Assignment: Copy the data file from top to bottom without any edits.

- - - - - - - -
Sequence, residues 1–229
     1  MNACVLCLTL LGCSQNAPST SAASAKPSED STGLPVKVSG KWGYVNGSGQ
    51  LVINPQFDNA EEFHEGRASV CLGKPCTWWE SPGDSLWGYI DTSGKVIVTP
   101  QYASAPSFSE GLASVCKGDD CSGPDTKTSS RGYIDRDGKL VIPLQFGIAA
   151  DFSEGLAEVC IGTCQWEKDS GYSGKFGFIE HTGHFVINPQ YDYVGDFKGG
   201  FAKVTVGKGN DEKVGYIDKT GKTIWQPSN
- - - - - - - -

Sequence, residues 1–229
     1  MNACVLCLTL LGCSQNAPST SAASAKPSED STGLPVKVSG KWGYVNGSGQ
    51  LVINPQFDNA EEFHEGRASV CLGKPCTWWE SPGDSLWGYI DTSGKVIVTP
   101  QYASAPSFSE GLASVCKGDD CSGPDTKTSS RGYIDRDGKL VIPLQFGIAA
   151  DFSEGLAEVC IGTCQWEKDS GYSGKFGFIE HTGHFVINPQ YDYVGDFKGG
   201  FAKVTVGKGN DEKVGYIDKT GKTIWQPSN